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‘Helping the Local Enterprise Partnership members understand socioeconomic patterns with data visualisation’

Background

Local Enterprise Partnerships are business-led partnerships between local authorities and businesses and other key partners in England. They play an important role in determining local economic priorities and undertaking activities to drive economic growth and the creation of local jobs.

Created by the East Sussex County Council Research & Information Team, the South East Local Enterprise Partnership (SELEP) atlas was developed in Autumn 2011 at a time when the new Local Enterprise Partnership geographies were being stabilised.

The rationale behind the development of the atlas was to create a resource that would help the user quickly build an understanding of economic and social patterns in the region.

Getting started

Tim Carpenter is East Sussex in Figures Co-ordinator within the Research & Information Team. He says the fundamental requirement was to present indicators for a wide geographic area in a clear, easy to use format. “We wanted to create an evidence base that could be used within the LEP along the lines of the evidence base we use in East Sussex in Figures. The challenge was to find a simple way to display the information and as a regular user of InstantAtlas I felt it was right for what we wanted,” he says.

According to Tim, one of the challenges the team faced was that the South East LEP (SELEP) was not a standard boundary. “It goes from Greater Essex to Kent and Medway and East Sussex yet misses out Greater London,” he says. Tim created the InstantAtlas template for the LEP and Helen Joslin-Allen (Principal Planning Research Officer) liaised with the council’s Economic Development team on data content and presentation.

Meeting the need

Data are presented at local authority level and an emphasis on thematic mapping of indicators, supported by contextual background mapping immediately enables the user to identify areas of similarity and difference across the SELEP area.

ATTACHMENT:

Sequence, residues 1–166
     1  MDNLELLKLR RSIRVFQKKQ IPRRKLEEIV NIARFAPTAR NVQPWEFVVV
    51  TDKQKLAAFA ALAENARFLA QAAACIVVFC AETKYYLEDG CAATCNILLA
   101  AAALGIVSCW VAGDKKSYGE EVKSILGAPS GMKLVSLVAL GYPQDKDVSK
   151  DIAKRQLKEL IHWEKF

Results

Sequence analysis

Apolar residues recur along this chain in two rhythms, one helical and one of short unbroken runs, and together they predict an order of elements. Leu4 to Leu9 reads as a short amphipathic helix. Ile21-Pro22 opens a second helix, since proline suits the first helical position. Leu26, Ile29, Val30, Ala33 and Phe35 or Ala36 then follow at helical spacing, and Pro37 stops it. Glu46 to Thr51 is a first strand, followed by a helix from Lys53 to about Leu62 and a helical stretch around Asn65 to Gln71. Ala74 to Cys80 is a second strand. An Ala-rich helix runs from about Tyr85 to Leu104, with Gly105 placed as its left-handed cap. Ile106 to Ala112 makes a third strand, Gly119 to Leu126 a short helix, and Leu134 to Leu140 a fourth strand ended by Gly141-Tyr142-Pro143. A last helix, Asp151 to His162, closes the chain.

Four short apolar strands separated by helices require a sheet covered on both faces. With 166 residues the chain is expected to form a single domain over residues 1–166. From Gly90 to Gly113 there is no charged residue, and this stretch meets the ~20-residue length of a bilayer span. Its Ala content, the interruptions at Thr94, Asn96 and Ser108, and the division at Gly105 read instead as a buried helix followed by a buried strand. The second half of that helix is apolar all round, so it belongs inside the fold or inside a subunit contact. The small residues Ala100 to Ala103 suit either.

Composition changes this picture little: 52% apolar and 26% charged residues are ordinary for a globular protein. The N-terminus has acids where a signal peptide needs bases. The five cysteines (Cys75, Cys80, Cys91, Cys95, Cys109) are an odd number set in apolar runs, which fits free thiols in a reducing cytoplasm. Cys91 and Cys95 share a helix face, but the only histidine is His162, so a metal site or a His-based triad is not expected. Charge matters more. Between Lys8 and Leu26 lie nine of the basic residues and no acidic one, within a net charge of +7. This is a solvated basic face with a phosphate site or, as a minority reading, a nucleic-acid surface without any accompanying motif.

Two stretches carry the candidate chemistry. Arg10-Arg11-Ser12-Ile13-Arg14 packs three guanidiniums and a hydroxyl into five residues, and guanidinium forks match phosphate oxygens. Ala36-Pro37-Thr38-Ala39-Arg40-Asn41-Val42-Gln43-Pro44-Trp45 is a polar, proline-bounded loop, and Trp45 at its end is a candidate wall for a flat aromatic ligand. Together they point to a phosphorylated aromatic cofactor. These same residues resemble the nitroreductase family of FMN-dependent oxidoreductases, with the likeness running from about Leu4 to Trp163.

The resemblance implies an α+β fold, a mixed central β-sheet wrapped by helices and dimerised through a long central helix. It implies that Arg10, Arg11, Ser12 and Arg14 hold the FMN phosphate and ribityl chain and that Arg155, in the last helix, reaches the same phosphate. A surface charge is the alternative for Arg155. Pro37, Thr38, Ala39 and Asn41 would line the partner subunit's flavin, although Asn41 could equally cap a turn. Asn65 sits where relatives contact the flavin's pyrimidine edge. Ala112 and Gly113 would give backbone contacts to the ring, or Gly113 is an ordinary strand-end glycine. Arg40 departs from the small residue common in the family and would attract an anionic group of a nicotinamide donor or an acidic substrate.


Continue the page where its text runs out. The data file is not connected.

Combined with a large data table and supporting metadata, users can easily compare local authorities within the LEP and rank them against one another. The flexibility provided by the IA application means that additional indicators can be added to meet user demand very quickly.

Tim says: “While the atlas was created to facilitate our own understanding of this important policy area, the resource is also freely available to all via our Local Information System.”

Future developments

The next step for Tim and the team is to look at developing profiles that have the facility to compare data nationally. “We know it would be possible because InstantAtlas has a web mapping server for all of the country so it would just be a question of getting data sharing agreements in place and creating the data architecture. It would really help to put local and national characteristics in context around any assigned geography,” he says.

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Key benefits

  • Stakeholders have access to a key resource which allows them to understand local socioeconomic factors
  • The data is presented in a consistent and easy-to-understand format
  • Links with East Sussex in Figures gives users detailed information about the data


Learn more about InstantAtlas Server

InstantAtlas Server Overview

InstantAtlas Server video tutorials


Other InstantAtlas Data Observatory examples

West Yorkshire Data Observatory

East Riding Data Observatory

Hertfordshire Observatory

Derbyshire Observatory

Suffolk Observatory

Havering Data Intelligence Hub




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